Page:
1920's style lady reclining on a Loma chair looking out of frame over the seat back

In our new regular, Reclaim’s editor looks at an iconic piece of furniture or homeware design. This month, she takes a seat in the Barcelona chair.

I first saw the Barcelona in the nineties. A wide-eyed new graduate, I’d just moved to London and was going for a job interview at an advertising agency. Everything about the office was smooth. BBC News played at an understated volume on a giant wall TV; haughty ad execs seemed to glide across the blonde wood floor. And I – overdressed probably, nervous, definitely – was asked to wait in the foyer. The chairs I was faced with, in black, were more intimidating than the receptionist. Polished and arrogant, they seemed to sneer at my audacity at even thinking about using them for their primary purpose – sitting down.

For the Barcelona isn’t just a chair, it’s perfection. Designed by celebrated Bauhaus architect Ludwig Mies van der Rohe, in collaboration with his partner Lilly Reich, for the 1929 German Pavilian at the Barcelona Exposition, they caused an immediate sensation. Originally only two were created, one each for King Alfonso XIII and his wife Ena. They didn’t sit in them, either.

Based on the folding chairs favoured by the Pharoahs and Romans, the Barcelona captures the timelessness of an ancient throne with the clean lines of modernity.

It was van der Rohe who coined the much-used phrase ‘Less is more’ and the Barcelona is the ultimate example of this. Made from top quality leather and steel, it’s as much about the space, even the person and atmosphere, on and around it as the chair itself. And that space almost always exudes glamour – perfection attracts beauty – so it’s little wonder that it’s a James Bond favourite, appearing in both Casino Royale and Die Another Day.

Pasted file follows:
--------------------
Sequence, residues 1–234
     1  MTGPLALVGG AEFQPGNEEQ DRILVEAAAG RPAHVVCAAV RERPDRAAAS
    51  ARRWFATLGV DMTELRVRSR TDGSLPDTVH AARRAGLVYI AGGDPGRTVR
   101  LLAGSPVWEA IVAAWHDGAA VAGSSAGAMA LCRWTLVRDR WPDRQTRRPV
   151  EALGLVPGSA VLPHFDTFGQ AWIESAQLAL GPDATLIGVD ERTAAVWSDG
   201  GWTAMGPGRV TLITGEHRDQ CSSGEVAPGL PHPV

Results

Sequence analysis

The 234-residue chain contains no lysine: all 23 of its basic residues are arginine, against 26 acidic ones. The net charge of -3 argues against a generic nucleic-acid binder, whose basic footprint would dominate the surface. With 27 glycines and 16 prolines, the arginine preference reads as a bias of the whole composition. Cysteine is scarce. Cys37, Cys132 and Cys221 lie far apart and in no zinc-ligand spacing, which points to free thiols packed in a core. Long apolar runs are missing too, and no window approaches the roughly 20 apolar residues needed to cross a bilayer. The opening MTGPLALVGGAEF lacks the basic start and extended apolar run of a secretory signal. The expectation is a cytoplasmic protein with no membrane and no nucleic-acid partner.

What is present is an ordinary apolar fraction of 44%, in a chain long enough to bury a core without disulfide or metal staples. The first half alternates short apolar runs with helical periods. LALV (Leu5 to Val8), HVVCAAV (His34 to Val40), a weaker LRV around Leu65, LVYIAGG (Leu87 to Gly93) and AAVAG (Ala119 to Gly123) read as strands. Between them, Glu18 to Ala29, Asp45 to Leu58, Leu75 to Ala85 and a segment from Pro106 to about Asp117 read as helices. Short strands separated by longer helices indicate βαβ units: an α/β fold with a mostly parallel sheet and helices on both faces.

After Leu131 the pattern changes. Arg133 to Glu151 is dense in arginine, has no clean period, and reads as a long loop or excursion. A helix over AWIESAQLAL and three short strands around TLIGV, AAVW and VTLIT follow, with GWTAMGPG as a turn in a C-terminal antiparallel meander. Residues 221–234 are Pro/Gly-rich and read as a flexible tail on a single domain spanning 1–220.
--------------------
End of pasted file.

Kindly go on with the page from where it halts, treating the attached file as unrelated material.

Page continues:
Instantly recognisable as a symbol of success, the Barcelona has had just one design tweak since 1929. Originally the metal frame was two pieces bolted together, but in 1950 when stainless steel became available, van der Rohe incorporated it to make one seamless piece. It’s been in production for 80 years, and in 1953 the designer gave exclusive manufacturing and sales rights to Knoll, who continue to produce the chair to his exact specifications. Although there are many copies, the genuine article has the Knoll Studio logo and Ludwig Mies van der Rohe signature stamped onto the leg; it’s hand-upholstered and the frame is even hand-buffed to achieve that glossy mirror finish.

Eventually I did sit – well, perch – on the chair. It’s certainly not a seat for slouching, and it was perfect at that moment. For the Barcelona forces you to bring your ‘A’ game.

Interesting Facts

  • Knoll gifted a replica of the original 1929 chair to New York’s Museum of Modern Art.
  • The chair has its own page in the Barcelona Yellow Pages
    Ludwig Mies van der Rohe first used the term “God is in the details.”
  • The Barcelona ottoman and footstool weren’t designed by van der Rohe, but follow the same design principles.
  • The chair’s cushions are upholstered with 40 individual panels cut, hand-welted and hand-tufted from a single hide.